Row 27: with YH 1ch, hdc to end, turn. Row 28: 1ch, 1dc, *1sc, 1dc; rep from * to end, turn. Row 29: with YI, 1ch, 1sc, *1dc, 1sc; rep from * to end, turn. Row 30 – 33: Rep Rows 28 & 29 alternating colours. Row 34: with YH rep Row 28 once more. Row 35: rep Row 27.
BOBBLES x 3
Rows 36- 38: with YB 1ch, hdc to end, turn. Row 39 (ws): with YJ, 1ch, 4sc, 1bobble, *8sc, 1 bobble; rep from * to last 5 sts, 5sc, turn. Rows 40 – 42: rep row 36. Row 43: with YE, 1ch, *8sc, 1 bobble; rep from * to last 10 sts, 10sc, turn. Rows 44 – 46: rep row 36. Row 47: with YK, rep row 39. Row 48 – 50: rep row 36.
Row 51: with YL 1ch, 4hdc, *change to YG, 4hdc, change to YL, 4hdc; rep from * to last 5 sts, 5hdc in YG, turn. Row 52: 1ch, 5hdc, change to YL, 4hdc, *change to YG, 4hdc, change to YL, 4hdc; rep from to end, turn. Row 53: rep row 51. Row 54: With YL 1ch, 5hdc, change to YD, 4hdc, *change to YL, 4hdc, change to YD, 4hdc; rep from to end, turn. Row 55: 1ch, 4hdc, *change to YL, 4hdc, change to YD, 4hdc; rep from * to last 5 sts, 5hdc in YL, turn. Row 56: rep Row 54. Rows 57 – 59: rep rows 51- 53. Rows 60 – 62: rep rows 54 – 56. Rows 63 – 65: rep rows 51 – 53.
Row 66: with YJ, 1ch, dc to end, turn. Row 67: with YH, 1ch, 3dc in first st, miss 2 sts, 1sc, miss 2 sts, *5dc in next st, miss 2 sts, 1sc, miss 2 sts; rep from * to last st, 3dc in last st, turn. Row 68: with YE,1ch, 1sc in first st, *miss 2 sts, 5dc in sc, miss 2 sts, 1sc in next st; rep from * to end, turn. Row 69: with YK rep row 67. Row 70: with YA rep row 68. Row 71: with YB rep row 67. Row 72: with YJ, 1ch, dc to end, turn.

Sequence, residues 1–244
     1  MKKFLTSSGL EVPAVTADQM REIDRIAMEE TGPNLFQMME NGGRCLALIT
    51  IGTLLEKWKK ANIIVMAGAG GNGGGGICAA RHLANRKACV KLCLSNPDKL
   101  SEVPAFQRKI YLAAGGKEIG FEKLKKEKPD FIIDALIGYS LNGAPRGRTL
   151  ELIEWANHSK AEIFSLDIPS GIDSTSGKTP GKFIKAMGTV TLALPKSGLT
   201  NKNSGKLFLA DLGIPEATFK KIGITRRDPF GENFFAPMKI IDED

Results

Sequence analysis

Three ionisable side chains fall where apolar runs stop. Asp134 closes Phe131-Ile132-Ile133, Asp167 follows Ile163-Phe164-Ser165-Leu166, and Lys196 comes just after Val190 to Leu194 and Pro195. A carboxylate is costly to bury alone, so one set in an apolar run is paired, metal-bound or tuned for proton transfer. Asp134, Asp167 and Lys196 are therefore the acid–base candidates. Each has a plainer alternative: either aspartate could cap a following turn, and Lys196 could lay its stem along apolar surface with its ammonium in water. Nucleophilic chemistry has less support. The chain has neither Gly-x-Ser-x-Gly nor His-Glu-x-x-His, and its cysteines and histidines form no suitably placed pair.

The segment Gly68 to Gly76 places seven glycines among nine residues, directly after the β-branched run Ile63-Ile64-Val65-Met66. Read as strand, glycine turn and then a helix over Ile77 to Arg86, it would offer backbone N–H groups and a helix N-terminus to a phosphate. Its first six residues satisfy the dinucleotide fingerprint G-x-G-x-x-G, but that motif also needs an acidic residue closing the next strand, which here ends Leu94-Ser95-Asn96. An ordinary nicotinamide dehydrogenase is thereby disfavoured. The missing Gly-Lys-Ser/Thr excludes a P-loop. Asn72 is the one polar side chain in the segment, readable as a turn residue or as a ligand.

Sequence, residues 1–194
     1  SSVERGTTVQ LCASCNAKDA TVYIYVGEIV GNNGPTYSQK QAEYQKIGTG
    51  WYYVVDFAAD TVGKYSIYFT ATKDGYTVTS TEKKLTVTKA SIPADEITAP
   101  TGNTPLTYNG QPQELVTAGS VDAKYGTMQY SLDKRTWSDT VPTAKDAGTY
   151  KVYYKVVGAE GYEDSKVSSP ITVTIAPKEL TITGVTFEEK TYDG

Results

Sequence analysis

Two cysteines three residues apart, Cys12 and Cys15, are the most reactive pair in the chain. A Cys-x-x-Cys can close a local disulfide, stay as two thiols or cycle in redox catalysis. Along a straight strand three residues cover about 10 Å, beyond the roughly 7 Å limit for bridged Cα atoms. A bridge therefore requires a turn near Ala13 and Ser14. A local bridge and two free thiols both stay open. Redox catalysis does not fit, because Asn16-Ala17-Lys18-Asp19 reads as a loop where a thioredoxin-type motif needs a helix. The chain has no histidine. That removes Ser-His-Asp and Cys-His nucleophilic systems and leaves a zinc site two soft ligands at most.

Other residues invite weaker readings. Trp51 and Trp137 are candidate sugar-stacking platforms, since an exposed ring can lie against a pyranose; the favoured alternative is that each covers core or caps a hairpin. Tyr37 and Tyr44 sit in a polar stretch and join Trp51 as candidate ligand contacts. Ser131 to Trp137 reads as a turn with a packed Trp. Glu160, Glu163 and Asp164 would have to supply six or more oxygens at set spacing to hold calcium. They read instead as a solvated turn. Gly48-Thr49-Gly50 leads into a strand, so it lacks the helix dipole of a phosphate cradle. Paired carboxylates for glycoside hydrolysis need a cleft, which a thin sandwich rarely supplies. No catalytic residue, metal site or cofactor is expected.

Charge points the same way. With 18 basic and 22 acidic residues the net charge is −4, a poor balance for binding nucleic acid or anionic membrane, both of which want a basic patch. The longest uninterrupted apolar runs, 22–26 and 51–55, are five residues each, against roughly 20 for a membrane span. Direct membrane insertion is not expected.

Row 73: with YF, 1ch, hdc to end, turn. Row 74: 1ch, 3sc, 3hdc, 2dc, 3ddc, 2dc, 3hdc, *5sc, 3hdc, 2dc, 3ddc, 2dc, 3hdc; rep from * to last 3 sts, 3sc, turn. Rows 75 & 76: with YI, 1ch, sc to end, turn. Row 77: 1ch, 4dc, 3hdc, 5sc, 3hdc, *2dc, 3ddc, 2dc, 3hdc, 5sc, 3hdc; rep from * to last 4 sts, 4dc, turn. Row 78: 1ch, 4dc, 3hdc, 5sc, 3hdc, *miss 3 sts, 1ch, (1puff, 1ch) three times in next ddc, miss 3 sts, 3hdc, 5sc, 3hdc; rep from * to last 4 sts, 4dc, turn. Row 79: 1ch, 1sc in each st and 1ch-sp to end, turn. Row 80: 1ch, sc to end, turn. Row 81: 1ch, 3sc, 3hdc, 2dc, 3ddc, 2dc, 3hdc, *5sc, 3hdc, 2dc, 3ddc, 2dc, 3hdc; rep from * to last 3 sts, 3sc, turn. Row 82: 1ch, 3sc, 3hdc, miss 3 sts, 1ch, (1puff, 1ch) three times in next st, miss 3 sts, 3hdc, *5sc, 3hdc, miss 3 sts, 1ch, (1puff, 1ch) three times in next st, miss 3 sts, 3hdc; rep from * to last 3 sts, 3sc, turn. Row 83: rep row 79. Row 84: rep row 80. Row 85: rep row 77. Row 86: rep row 78. Row 87: rep row 79. Row 88: rep row 80. Row 89: With YF, rep row 81. Row 90: 1ch, hdc to end, turn.
Row 91: with YD, 1ch, sc to end, turn. Row 92: 1ch, 4dc, *miss 1 st, 1ch, 3dc; rep from * to last st, 1dc in last st, turn. Row 93: With YK, 1ch, 1sc, 3ch, miss 3 dc, *1sc in ch-sp, 3ch, miss 3 dc; rep from * to last st, 1sc, turn. Row 94: with YD, 1ch, 1dc in first st, 3dc in ch-sp, *1ch, miss sc, 3dc in ch-sp; rep from * to last st, 1dc in last st, turn. Row 95: with YC, rep row 93. Row 96: with YD, rep row 94. Row 97: with YL, rep row 93. Row 98: with YD, rep row 94. Row 99: 1ch, 1sc in each st and ch-sp to end, turn.
Row 100: with YB, 1ch, dc to end, turn. Row 101: 1ch, 9hdc in YA, *9hdc in YG, 9hdc in YA; rep from * to last 10 sts, hdc in YG to end, turn. Row 102: 1ch, 10hdc in YG, 9hdc in YA, *9hdc in YG, 9hdc in YA; rep from * to end, turn. Row 103: rep Row 101. Row 104: rep Row 102. Row 105: rep Row 101. Row 106: rep Row 102 changing to YG on last st, turn. Rows 107 – 112: continue in pattern by repeating the last 6 rows but switch colours around to begin with YG followed by YA
Rows 113 & 114: with YD, 1ch, hdc to end, turn Row 115 (ws): with YH, 1ch, 4sc, 1bobble, *8sc, 1 bobble; rep from * to last 5 sts, 5sc, turn. Rows 116 & 117: with YD 1ch, hdc to end, turn.